As well as the technical challenge, there is also a challenge in thinking to be faced. PSD2 will put consumers back at the heart of personal banking, where they belong. The digital revolution has put power of choice in the hands of consumers. Banks will need to recognise this and react to it.
PSD2 intends to standardise security across a changing landscape, improve consumer security and incorporate emerging payment technologies into the existing standard. However, as a recent Finextra report highlights, this presents a major challenge for long standing banks and PSPs.
PSD2 should not be viewed as a hindrance or even a threat by banks. It should, instead, be viewed as a huge opportunity to rethink, reshape and renew.
It provides a foundation and framework for having a customer centric focus. In the immediate aftermath of the banking crises of the last decade, commentators, analysts and regulators all agreed that banks had to start putting customers first.
The extent to which this has happened is a debate that will no doubt continue to happen throughout the introductory years. But PSD2, if embraced, can show the roadmap towards this if banks are ready to follow some key advice:
- Strategise and introduce new services – Banks will have the opportunity to expand their services and become TPPs themselves. There is an opportunity for them to create new business.
- Put customers truly at the heart of the proposition. Challenger banks are producing customer-centric products and services and are winning business. So every step of the customer experience, from applying for new products and accounts to authenticating themselves to accessing their account must have customer needs and desires at their core.
- Increase consumer protection and take a collaborative approach – prepare IT departments and partner with knowledgeable solution providers that will strengthen security levels required and understand banks’ needs and legacy systems.
The future of banking is at a cross-roads and initiatives such as PSD2, and its focus on choice and a level playing field, gives the opportunity for banks to provide the next generation of banking for the millennial customer. Companies such as myPINpad are well placed to help banks rise to the challenge by providing innovative solutions rapidly and without the need to change current infrastructure.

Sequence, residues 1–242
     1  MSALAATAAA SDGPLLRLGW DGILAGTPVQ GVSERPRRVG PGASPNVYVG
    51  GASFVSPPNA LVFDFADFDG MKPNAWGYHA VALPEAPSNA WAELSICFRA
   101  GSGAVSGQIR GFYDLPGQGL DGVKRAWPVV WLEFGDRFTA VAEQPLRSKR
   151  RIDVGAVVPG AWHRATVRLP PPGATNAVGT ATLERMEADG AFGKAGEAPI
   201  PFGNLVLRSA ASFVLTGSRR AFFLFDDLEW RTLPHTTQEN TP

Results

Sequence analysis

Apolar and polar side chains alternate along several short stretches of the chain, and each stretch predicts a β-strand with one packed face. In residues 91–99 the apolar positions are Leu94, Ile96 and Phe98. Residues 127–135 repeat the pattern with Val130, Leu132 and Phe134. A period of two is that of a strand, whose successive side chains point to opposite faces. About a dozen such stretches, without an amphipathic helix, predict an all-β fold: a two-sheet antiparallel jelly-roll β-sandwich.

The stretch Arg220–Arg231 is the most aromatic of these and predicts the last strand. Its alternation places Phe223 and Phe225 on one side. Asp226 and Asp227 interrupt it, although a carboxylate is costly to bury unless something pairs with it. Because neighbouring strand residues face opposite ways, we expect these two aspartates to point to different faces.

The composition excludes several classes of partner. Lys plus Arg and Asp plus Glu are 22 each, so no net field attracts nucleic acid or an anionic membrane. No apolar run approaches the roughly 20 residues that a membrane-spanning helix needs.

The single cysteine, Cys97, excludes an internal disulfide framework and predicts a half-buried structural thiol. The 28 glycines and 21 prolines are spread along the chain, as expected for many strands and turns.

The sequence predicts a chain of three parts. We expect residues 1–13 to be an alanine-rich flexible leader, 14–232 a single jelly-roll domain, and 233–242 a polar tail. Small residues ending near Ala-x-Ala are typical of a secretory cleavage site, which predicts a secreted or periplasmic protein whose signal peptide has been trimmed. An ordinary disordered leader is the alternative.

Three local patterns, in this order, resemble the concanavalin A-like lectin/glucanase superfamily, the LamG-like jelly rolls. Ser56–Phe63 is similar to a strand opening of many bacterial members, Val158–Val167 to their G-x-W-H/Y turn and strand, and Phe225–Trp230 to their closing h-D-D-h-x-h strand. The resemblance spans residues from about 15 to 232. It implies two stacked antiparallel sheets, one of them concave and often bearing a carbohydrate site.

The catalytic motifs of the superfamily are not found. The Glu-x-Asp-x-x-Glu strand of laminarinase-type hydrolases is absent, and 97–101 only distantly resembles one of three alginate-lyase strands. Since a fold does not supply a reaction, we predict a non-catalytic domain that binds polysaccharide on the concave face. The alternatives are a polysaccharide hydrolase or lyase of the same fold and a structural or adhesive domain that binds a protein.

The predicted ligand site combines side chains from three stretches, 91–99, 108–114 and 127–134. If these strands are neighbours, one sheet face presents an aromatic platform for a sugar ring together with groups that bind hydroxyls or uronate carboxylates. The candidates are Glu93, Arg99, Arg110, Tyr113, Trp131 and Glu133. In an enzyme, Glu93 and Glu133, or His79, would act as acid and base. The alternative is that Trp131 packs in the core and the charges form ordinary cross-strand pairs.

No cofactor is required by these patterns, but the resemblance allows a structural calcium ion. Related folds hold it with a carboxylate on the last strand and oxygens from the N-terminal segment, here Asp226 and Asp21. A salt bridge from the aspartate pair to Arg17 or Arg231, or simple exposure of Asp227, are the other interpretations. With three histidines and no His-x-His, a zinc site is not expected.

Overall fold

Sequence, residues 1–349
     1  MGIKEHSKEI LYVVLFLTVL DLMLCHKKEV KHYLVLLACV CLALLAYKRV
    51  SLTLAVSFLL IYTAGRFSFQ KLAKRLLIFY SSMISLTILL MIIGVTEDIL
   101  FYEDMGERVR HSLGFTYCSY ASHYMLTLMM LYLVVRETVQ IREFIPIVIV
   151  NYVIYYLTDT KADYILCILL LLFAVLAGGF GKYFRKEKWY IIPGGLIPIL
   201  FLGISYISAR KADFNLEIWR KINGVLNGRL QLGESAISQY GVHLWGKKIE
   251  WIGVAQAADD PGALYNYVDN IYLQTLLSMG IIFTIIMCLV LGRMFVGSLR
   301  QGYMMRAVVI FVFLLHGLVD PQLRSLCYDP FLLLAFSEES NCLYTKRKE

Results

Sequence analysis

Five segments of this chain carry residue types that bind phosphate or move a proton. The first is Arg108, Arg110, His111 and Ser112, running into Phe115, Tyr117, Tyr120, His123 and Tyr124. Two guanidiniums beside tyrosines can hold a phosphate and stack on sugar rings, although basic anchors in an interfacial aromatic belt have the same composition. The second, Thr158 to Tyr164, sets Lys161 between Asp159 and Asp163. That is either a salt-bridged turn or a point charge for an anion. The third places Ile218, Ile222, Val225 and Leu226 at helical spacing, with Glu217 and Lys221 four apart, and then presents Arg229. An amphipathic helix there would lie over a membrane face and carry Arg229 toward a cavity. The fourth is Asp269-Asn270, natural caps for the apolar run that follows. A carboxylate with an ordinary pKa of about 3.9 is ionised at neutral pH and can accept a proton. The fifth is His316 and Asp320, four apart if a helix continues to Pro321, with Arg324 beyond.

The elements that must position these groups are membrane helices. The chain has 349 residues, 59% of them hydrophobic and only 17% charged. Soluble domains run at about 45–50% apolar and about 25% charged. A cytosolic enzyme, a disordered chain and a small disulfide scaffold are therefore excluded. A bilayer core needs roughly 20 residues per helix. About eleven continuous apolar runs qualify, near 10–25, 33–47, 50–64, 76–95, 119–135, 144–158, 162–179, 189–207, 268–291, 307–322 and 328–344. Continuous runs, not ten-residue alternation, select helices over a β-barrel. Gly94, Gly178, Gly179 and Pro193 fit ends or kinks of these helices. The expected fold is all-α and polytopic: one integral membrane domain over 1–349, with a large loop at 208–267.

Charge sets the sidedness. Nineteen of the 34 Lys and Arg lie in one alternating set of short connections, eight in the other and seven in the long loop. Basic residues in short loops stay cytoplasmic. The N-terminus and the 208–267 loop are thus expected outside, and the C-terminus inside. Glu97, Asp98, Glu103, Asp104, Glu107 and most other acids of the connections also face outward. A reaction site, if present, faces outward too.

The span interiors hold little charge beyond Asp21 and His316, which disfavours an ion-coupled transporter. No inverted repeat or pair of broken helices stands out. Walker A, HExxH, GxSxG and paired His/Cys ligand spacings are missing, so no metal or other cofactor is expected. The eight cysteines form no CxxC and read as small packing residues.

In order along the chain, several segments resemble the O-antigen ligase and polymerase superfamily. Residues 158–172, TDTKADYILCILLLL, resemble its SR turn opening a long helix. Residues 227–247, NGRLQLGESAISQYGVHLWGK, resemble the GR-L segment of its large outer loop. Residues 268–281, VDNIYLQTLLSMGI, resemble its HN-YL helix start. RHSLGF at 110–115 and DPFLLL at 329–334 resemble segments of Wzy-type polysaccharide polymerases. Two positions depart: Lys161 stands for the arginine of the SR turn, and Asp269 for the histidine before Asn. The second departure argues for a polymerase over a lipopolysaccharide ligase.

Metro Bank expects defaults to rise as COVID-19 support measures fade out
(Reuters) – Metro Bank posted a much bigger annual loss on Wednesday and said it expects defaults to rise through the year in line with its provisions as government support measures set in place due to the COVID-19 crisis are wound down.
The mid-sized company, part of a breed of challenger banks set up to take on the dominance of bigger and more conventional lenders in Britain, said underlying pretax loss was 271.8 million pounds ($385.58 million) for the 12 months ended Dec. 31 compared to 11.7 million pounds a year earlier.
“The pandemic has clearly impacted performance, leading to significant expected credit losses, but our transformation strategy is firmly on track and we have accelerated initiatives to shift our asset mix, bringing higher yield and improving net interest margin, as evidenced in the second half,” Chief Executive Officer Daniel Frumkin said.
Metro, which relieved some of the pressure on its capital levels last year by selling one of its portfolios to NatWest, estimated impact from the coronavirus pandemic to be 124 million pounds.
The bank, whose net interest margin fell to 1.22% from 1.51% in a low interest rate environment, said provisions to cover loan losses amounted to 126.7 million pounds at 2020-end, compared with 11.7 million pounds a year earlier.
The company said the increase in expected credit losses was driven by deteriorating macro-economic scenarios that have increased the probability of defaults.
($1 = 0.7049 pounds)
(Reporting by Muvija M in Bengaluru; Editing by Vinay Dwivedi)
As We Get Back to the Future of Work, Banks Must Embrace WhatsApp
By Shaun Hurst, Technical Director, Smarsh
If you had told me a year ago that the world’s major financial services companies would all be operating almost entirely with a remote workforce, I would have broken out in a cold sweat.